“HAVE you got your feet up, watching Loose Women?”

I remember snapping back at a colleague who used to ask me that question every time I worked from home.

For years I regularly worked from my living room. Not all week, but part of it, and still do occasionally.

People who have never worked from home tend to see it as a cushy number. “You’re so lucky working from home,” a friend used to say.

And, fair enough, it is great to get up, make a cup of tea and turn on your laptop. There’s no waiting for buses on cold winter mornings or sitting in traffic jams. And you don’t have to worry about how you look - you can spend all day in your pyjamas if you want to.

If you have small children working from home offers the luxury of being able to work around nursery or school drop-off and pick-up times.

But it’s not all a bed of roses.

With a renewed focus on homeworking to help minimise the spread of coronavirus, workers from across the globe who are working from home have shared their tips on navigating the practice.

Taking to Twitter, the thread was kicked off by scientist Emily Lakdawalla, from California, who wrote: ‘There are going to be a lot of people newly working from home starting this week, and it will be a difficult transition for some.’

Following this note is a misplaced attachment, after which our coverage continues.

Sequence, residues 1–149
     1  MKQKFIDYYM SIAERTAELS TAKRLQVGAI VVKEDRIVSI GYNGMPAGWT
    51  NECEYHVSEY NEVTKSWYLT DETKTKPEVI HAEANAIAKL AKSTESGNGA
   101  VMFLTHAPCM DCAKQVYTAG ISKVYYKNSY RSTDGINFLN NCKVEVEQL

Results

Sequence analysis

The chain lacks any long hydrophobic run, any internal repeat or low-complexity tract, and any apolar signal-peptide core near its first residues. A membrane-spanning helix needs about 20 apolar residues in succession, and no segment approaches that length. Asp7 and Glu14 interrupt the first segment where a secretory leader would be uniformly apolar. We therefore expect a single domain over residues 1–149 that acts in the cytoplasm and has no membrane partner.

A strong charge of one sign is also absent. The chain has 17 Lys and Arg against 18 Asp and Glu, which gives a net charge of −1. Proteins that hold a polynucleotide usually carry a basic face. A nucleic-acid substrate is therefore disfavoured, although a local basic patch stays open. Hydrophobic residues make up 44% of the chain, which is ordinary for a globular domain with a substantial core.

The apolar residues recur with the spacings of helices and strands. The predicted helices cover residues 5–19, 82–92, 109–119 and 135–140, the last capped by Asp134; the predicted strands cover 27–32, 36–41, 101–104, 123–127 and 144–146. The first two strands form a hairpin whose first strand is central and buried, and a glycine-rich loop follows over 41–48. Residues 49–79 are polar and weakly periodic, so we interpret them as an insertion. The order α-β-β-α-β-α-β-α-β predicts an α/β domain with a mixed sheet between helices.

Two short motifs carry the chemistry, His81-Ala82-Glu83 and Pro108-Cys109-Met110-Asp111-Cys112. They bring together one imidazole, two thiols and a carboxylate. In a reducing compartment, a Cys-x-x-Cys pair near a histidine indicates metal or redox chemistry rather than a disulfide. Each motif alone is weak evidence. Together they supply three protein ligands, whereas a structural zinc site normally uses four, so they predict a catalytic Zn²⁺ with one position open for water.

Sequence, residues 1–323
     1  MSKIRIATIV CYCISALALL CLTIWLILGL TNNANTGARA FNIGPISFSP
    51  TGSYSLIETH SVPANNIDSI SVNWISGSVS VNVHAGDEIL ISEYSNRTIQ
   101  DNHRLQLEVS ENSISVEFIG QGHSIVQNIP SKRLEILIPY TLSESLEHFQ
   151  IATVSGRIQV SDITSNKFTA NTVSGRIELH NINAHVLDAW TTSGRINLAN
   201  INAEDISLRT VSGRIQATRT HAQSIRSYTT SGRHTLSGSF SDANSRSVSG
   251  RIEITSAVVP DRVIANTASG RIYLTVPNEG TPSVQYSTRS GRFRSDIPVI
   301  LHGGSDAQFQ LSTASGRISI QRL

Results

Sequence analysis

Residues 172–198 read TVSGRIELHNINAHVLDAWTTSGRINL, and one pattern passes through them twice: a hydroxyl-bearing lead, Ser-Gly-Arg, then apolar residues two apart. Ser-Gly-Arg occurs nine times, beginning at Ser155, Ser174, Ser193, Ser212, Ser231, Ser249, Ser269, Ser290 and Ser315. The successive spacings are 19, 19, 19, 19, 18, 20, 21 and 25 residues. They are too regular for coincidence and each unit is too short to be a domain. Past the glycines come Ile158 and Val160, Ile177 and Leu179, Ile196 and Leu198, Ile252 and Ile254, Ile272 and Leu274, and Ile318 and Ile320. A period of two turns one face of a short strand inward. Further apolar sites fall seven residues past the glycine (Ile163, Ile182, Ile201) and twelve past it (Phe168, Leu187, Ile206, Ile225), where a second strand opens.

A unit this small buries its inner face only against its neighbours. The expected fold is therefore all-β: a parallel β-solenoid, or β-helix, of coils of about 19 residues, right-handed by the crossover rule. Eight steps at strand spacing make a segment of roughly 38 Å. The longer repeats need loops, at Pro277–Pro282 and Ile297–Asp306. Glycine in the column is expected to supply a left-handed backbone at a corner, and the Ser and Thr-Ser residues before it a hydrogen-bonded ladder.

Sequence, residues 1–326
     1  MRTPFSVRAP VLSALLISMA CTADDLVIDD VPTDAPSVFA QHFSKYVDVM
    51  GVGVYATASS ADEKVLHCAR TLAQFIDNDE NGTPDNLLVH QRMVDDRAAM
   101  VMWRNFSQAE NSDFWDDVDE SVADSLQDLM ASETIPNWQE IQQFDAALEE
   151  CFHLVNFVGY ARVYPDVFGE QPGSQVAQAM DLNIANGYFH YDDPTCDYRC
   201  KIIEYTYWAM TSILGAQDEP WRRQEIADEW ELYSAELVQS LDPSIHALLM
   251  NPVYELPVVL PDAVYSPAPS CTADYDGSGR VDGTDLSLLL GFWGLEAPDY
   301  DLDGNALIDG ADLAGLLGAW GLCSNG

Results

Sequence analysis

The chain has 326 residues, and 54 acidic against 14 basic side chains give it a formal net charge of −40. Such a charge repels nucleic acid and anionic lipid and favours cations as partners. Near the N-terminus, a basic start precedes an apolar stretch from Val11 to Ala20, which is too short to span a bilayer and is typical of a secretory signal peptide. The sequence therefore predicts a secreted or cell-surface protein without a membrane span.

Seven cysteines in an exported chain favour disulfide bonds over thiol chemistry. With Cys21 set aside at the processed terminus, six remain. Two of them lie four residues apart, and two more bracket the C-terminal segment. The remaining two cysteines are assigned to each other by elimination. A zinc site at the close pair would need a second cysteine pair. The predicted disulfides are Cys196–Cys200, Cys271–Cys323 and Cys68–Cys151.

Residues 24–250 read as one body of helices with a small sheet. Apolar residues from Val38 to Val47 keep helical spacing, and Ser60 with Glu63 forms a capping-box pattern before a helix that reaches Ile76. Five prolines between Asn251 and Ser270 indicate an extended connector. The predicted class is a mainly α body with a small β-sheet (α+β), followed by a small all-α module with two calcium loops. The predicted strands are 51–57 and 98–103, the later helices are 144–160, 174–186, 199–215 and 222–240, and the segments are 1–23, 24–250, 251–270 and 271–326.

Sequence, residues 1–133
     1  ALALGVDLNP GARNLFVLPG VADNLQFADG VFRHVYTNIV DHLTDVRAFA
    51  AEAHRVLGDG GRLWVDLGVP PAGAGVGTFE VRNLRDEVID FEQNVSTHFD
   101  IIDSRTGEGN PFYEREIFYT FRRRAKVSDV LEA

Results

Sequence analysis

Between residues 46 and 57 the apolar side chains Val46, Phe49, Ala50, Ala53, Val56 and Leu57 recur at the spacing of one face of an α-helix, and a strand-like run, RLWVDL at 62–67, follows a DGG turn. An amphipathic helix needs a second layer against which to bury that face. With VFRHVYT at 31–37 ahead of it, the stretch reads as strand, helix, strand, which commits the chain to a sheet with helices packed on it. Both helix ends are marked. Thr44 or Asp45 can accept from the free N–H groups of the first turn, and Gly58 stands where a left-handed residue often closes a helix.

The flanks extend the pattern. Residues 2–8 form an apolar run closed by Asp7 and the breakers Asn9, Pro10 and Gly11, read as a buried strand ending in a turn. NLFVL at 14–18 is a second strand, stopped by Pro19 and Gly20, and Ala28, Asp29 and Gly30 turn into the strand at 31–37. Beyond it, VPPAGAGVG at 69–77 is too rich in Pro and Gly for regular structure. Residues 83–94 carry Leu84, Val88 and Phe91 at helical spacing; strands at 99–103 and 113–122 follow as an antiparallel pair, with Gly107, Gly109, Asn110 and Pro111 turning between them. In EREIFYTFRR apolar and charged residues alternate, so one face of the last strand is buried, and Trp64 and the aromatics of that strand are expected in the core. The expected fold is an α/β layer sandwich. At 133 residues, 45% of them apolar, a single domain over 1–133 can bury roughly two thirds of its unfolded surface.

Asking for advice, she continued: ‘If you are experienced at working from home, please reply with tips for working effectively and avoiding distractions!’

Emily was inundated with replies from staff in similar situations. One joked: ‘Refrain from having children’, while another advised: ‘Make a cat-proof barrier around your keyboard’.

Had I been commenting, I would have cited both of the above as being detrimental to home working. Children pester parents no matter what.

My dad worked from home. His office overlooked the garden and how he concentrated in the holidays with us kids making a racket I will never know.

And cats have a magnetic attraction to a keyboard. I only have to open mine and one will jump on it and try to lie down or trample across it. I have even had work wiped due to cats.

Being surrounded by your usual domestic paraphernalia also doesn’t help. Working a hop and a skip from your kitchen, you think ‘I just need to stick this in the washer’… ‘I just need to peel these potatoes’…and so it goes on. You need a lot of self-discipline.

People always seem to call too. Whether it’s taking in a neighbour’s Amazon parcel or being told that your drive needs resurfacing - when you’re trying to work the world and his wife seems to knock on your door. Living the dream it isn’t.

Working at home can also be a lonely existence. You miss the office camaraderie and having someone to turn to when you encounter a problem. If your broadband connection goes down in the office it’s sorted by the tech team. At home I end up sitting at the bottom of the stairs with my laptop, hoping things will improve nearer the router.

As for productivity, despite the interruptions, you probably do more than you would in the office. I think home workers feel the need to justify the privilege of being at home, so often end up working long into the evening.

One of the Twitter users wrote: ‘One of the best things about working from home is being able to have a powernap after lunch. Makes you so much more productive in the afternoon.’

No true: if I went to sleep after lunch I would never wake up.